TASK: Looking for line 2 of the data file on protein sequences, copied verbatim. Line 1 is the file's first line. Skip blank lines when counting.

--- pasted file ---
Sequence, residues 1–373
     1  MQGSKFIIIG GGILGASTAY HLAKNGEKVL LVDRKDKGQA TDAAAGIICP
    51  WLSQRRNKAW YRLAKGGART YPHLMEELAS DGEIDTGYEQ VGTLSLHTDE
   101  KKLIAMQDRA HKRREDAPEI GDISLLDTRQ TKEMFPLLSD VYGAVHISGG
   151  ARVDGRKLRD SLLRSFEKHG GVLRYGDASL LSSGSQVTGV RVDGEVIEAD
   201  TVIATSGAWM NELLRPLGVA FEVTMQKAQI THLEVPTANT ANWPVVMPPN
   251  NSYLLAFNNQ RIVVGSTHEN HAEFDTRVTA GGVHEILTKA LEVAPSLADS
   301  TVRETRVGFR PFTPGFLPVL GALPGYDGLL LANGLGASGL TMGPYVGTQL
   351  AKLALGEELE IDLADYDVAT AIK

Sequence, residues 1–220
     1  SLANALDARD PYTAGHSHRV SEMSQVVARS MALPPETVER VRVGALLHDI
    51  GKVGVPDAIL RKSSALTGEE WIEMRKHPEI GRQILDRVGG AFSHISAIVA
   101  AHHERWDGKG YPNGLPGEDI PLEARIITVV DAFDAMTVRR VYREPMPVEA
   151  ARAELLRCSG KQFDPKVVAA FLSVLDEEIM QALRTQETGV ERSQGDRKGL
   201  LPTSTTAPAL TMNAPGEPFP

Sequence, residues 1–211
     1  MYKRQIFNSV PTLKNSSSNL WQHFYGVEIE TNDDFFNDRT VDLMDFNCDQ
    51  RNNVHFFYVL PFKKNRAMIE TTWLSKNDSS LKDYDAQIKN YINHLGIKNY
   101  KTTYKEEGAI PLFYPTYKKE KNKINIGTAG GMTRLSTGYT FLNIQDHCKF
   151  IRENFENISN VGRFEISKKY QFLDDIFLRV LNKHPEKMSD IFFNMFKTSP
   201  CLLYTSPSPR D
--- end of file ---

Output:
     1  MQGSKFIIIG GGILGASTAY HLAKNGEKVL LVDRKDKGQA TDAAAGIICP